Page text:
PCM will also support App to Web measurement (introduced in the iOS 14.5 Beta). This means that clicks from the Facebook app (not just the Facebook website) will also be attributed correctly.
Apple has also submitted this to be considered as a standard by the web community (W3C), and its draft is currently in review by the community (as of January 2021).
The PCM standard has been released to Beta in iOS 14.5, and is available for testing. General availability date is still unknown but Apple mentioned “early spring”.
What does PCM mean in practice?
When a user clicks on a certain ad, he is often then sent to the advertiser’s website (destination) to complete some action (e.g. complete a purchase or fill in a lead form).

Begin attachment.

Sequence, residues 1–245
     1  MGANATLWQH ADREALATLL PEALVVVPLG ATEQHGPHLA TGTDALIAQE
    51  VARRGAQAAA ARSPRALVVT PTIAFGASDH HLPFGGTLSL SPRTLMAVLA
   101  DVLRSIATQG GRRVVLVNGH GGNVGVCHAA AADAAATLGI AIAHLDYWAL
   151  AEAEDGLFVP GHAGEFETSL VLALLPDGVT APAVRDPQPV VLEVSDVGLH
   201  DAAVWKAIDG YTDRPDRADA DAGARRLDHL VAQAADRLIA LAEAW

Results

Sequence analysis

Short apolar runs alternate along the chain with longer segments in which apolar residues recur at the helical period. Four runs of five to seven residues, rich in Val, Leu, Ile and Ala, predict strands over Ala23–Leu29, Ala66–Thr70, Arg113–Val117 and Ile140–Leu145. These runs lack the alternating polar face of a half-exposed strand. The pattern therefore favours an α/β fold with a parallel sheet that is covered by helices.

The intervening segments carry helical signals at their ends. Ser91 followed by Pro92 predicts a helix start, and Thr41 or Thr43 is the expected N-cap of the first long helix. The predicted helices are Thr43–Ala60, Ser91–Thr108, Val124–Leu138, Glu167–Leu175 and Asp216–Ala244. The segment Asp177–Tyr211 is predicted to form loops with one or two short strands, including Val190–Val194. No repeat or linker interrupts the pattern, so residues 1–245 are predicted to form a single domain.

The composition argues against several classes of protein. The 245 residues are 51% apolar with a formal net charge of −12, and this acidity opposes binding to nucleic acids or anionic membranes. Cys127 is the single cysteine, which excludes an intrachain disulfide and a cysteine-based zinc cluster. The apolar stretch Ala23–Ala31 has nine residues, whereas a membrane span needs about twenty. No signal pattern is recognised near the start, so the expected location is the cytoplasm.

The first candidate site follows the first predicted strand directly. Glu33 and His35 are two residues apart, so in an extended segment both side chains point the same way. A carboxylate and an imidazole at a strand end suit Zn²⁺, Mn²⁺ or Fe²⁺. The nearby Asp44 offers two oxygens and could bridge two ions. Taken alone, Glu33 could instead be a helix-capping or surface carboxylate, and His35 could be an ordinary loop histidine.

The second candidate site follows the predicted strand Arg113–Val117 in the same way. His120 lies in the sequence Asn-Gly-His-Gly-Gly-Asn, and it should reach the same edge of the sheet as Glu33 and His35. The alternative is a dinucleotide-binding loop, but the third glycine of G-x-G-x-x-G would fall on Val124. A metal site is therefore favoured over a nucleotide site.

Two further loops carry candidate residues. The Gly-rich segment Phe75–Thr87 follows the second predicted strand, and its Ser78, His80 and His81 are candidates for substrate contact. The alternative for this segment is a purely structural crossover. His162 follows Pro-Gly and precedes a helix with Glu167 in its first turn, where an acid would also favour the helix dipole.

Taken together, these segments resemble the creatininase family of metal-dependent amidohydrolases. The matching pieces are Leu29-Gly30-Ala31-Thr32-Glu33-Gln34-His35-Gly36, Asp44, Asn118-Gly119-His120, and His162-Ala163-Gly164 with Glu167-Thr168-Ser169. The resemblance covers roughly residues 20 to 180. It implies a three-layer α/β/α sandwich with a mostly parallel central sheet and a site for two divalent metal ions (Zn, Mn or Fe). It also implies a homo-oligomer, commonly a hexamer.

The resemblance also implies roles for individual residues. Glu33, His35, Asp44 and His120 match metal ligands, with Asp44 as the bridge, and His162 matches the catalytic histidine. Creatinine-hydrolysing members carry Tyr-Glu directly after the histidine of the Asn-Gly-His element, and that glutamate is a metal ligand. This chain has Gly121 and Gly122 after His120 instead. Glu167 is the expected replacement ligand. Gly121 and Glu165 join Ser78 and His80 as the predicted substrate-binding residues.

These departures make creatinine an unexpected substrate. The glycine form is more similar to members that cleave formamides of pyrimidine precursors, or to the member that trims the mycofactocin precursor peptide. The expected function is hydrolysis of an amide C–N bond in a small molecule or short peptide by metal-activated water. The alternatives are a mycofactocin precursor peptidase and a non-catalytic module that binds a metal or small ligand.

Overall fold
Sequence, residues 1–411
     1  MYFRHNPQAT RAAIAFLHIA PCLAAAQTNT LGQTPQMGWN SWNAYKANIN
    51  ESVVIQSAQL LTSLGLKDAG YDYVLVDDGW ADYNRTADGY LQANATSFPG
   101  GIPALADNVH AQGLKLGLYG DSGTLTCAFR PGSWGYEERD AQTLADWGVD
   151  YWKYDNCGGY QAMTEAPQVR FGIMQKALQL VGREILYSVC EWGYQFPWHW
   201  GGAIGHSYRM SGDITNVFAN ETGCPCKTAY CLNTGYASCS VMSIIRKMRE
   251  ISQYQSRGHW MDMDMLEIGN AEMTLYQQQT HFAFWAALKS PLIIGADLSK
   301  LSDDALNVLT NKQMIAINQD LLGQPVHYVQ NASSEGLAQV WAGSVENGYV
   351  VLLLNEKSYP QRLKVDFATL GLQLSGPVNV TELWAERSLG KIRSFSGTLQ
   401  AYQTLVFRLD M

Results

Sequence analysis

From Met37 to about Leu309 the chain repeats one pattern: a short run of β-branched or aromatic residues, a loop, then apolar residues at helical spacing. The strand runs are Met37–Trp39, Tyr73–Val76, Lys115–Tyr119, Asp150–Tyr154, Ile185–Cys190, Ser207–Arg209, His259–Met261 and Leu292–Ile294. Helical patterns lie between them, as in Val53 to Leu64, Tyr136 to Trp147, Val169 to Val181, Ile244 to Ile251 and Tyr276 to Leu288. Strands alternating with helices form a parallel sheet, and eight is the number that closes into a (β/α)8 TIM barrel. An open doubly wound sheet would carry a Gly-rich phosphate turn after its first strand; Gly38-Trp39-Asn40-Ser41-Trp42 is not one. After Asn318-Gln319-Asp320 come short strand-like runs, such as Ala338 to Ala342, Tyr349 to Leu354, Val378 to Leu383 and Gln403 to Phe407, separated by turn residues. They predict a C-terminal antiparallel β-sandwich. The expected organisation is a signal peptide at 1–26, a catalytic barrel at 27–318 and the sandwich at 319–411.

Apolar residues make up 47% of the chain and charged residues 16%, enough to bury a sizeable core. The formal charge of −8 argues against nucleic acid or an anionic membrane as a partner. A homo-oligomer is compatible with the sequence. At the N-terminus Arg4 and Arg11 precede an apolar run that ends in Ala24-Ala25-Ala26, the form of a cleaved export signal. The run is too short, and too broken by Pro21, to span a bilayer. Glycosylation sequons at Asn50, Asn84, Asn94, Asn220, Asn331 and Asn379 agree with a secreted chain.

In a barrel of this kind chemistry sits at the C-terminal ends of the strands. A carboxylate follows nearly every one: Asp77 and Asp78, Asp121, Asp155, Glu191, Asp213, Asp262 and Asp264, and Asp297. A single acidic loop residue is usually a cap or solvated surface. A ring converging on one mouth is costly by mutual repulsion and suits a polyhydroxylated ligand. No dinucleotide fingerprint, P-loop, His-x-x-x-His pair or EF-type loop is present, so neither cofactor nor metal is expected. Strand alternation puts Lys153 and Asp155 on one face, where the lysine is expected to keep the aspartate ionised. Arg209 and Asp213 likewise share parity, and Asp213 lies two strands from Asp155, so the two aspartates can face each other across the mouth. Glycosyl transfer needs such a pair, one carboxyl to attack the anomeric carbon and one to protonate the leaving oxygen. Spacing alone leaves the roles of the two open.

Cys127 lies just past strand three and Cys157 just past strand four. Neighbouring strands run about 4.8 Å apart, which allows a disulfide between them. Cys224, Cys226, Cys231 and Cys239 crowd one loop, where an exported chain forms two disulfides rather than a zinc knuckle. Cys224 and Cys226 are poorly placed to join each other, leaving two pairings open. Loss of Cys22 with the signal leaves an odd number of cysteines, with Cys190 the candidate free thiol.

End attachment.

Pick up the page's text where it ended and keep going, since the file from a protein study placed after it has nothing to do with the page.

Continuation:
When the user is on the ad platform, e.g Facebook, he is identified by the platform. Once he clicks out, additional engagement done on the destination site needs to be tracked so that the advertiser can measure the effectiveness of his advertising. In absence of this data, the only trackable metric is Clicks.
Previously, ad platforms have used methods such as 3rd party cookies to identify the users off their ad platforms. This for example enabled them to attribute conversions back to the ad click.
Additionally, these 3rd party cookies could follow users around the web regardless of engaging with ads. For example, they could identify a user visiting website A that sells used cars, and flag him as “in-market” for buying a used car so that ads for that topic will show up to him.